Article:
Both Kidd's and the W3C's libraries install shared libraries. These differ from the static libraries you might be more familiar with in that they are loaded during a program's runtime rather than being built into a monolithic static binary. In order for the system to find these shared libraries, you need to make sure that /etc/ld.so.conf lists the path to your shared libraries. In the case of the XML-RPC libraries listed above, /usr/lib must be listed. For existing binaries, you can check whether the system can locate the shared libraries by using the ldd command:

$ ldd <executable_name>

In the case of the program presented here, the ldd output will look something like:

[jjohn@marian src]$ ldd xmlrpc_debug
   libwwwxml.so.0 => /usr/lib/libwwwxml.so.0 (0x4002f000)
   libxmltok.so.0 => /usr/lib/libxmltok.so.0 (0x40032000)
   libxmlparse.so.0 => /usr/lib/libxmlparse.so.0 (0x40044000)
   libwwwzip.so.0 => /usr/lib/libwwwzip.so.0 (0x4004b000)
   libwwwinit.so.0 => /usr/lib/libwwwinit.so.0 (0x4004e000)
   libwwwapp.so.0 => /usr/lib/libwwwapp.so.0 (0x40051000)
   libmd5.so.0 => /usr/lib/libmd5.so.0 (0x40067000)
   libwwwhtml.so.0 => /usr/lib/libwwwhtml.so.0 (0x4006a000)
   libwwwtelnet.so.0 => /usr/lib/libwwwtelnet.so.0 (0x40076000)

If a library doesn't have a hex address next to it, the system can't find it. This can be solved by making sure that path in /etc/ld.so.conf is listed and then running ldconfig as root. Run the ldd command again to make sure all your shared libraries are visible.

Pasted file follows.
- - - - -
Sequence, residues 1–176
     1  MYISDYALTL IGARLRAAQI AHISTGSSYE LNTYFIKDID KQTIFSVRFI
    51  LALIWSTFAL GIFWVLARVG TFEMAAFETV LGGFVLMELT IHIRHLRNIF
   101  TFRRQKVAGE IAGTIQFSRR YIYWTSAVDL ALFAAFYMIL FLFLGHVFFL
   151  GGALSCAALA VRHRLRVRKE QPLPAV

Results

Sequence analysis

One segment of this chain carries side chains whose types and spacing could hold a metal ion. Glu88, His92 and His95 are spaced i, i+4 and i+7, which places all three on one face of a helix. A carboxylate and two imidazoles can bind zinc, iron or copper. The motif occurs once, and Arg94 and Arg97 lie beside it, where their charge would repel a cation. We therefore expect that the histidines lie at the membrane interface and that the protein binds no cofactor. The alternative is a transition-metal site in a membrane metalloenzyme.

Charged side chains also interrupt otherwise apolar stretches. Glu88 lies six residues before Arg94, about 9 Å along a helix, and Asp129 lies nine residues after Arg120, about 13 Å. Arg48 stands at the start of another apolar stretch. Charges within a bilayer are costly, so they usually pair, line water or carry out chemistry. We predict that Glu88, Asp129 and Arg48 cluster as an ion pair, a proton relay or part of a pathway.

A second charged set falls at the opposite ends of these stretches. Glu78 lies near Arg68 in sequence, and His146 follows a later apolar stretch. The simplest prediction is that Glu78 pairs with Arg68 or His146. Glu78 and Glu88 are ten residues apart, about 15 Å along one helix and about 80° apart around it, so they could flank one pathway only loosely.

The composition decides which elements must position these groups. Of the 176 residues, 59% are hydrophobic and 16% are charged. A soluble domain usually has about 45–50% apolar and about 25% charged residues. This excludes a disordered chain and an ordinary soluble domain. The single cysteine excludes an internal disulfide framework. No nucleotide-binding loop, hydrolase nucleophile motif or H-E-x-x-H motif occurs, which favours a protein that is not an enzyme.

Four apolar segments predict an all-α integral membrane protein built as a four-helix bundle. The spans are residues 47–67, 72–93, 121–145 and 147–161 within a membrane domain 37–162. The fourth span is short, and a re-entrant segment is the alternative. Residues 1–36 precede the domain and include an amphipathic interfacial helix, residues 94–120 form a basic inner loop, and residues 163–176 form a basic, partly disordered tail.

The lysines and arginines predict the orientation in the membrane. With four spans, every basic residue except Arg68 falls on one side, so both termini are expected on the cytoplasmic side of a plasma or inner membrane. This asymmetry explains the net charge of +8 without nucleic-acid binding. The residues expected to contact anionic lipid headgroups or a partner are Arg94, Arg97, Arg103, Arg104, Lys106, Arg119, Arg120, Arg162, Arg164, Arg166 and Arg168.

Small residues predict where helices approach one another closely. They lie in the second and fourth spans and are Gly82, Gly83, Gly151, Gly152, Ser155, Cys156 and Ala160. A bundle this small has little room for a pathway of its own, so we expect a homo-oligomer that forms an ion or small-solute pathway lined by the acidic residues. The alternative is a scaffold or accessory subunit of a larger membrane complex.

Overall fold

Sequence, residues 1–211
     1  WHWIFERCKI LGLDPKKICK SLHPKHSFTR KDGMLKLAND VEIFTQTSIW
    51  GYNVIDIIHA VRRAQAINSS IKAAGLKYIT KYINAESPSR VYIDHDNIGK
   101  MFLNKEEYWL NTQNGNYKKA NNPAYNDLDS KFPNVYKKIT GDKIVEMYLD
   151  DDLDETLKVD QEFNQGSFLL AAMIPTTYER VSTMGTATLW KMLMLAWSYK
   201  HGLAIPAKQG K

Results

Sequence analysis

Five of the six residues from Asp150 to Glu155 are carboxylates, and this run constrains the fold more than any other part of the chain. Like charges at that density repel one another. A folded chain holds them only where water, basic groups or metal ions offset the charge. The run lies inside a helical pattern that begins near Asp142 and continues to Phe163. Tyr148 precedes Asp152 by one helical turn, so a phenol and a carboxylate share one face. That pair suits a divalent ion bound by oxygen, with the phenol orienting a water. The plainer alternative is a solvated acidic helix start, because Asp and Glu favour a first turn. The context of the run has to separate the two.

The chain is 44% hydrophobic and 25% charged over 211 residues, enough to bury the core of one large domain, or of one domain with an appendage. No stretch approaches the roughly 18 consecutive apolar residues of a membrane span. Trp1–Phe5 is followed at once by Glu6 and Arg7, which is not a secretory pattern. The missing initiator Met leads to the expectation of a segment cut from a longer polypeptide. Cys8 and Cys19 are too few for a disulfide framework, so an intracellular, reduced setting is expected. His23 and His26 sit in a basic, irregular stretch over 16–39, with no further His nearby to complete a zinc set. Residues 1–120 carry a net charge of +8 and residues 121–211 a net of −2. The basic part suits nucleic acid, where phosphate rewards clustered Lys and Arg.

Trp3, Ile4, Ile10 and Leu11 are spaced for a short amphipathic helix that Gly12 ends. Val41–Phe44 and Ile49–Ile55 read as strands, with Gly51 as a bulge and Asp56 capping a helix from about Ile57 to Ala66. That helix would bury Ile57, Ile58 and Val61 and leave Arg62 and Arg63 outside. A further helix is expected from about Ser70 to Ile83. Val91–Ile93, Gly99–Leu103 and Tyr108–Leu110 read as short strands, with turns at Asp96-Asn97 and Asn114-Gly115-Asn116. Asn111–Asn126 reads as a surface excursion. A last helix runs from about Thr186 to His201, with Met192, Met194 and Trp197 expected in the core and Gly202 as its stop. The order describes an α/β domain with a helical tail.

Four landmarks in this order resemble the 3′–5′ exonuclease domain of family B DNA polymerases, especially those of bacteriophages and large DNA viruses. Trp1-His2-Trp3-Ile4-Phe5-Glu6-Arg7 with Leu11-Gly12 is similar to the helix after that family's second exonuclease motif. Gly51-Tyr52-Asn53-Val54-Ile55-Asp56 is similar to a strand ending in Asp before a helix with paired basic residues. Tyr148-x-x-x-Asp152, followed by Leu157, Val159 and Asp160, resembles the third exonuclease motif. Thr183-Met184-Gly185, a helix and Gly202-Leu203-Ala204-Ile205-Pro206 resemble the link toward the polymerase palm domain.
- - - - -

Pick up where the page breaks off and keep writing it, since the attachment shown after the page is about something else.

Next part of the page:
As I mentioned above, the gotcha is that Kidd and W3C libraries don't name the shared libraries correctly (they install with an extra '.0' on the name). You will need to create symlinks with the kind of names that ldconfig expects. I used the Perl script in Listing 1 to do this, but any scripting tool will do.

Listing 1: Fixing library names


     1  #!/usr/bin/perl --
     2  # Look for these libs; ensure symlinks are right
     4  use strict;
     5  use constant LIB_DIR => '/usr/lib';
     7  my @libs = qw(
     8     libwwwxml libxmltok libxmlparse libwwwzip 
     9     libwwwinit libwwwapp libmd5 libwwwhtml libwwwtelnet 
    10     libwwwnews libwwwhttp libwwwmime libwwwgopher libwwwftp 
    11     libwwwfile libwwwdir libwwwcache libwwwstream libwwwmux 
    12     libwwwtrans libwwwcore libwwwutils libdl libz 
    13     libxmlrpc libxmlrpc_xmlparse libxmlrpc_xmltok
    14                );
    15  if( $> != 0 ){
    16    warn "ERROR: Must be root\n";
    17  }
    19  chdir LIB_DIR || die "ERROR: cd: $!";
    21  for my $lib (@libs){
    22    print "Looking for $lib\n";
    23    my @candidates = glob("$lib*0");
    24    for(@candidates){
    25      my ($link, $real);
    26      if( -l $_ ){
    27        $real = readlink($_);
    28        $link = "(is a symlink to $real)";
    29      }
    30      print "\t$_ $link\n";
    32      if( $real ){
    33        my $new = substr($_, 0, length($_) - 2);
    34        print "\tcreating a new symlink($new) to $real\n";
    35        unless( symlink $real, $new ){
    36          warn "WARN: symlink: $!\n";
    37        }
    38      }
    39    }
    40  }

Once you've squared this detail away, you're ready to start coding.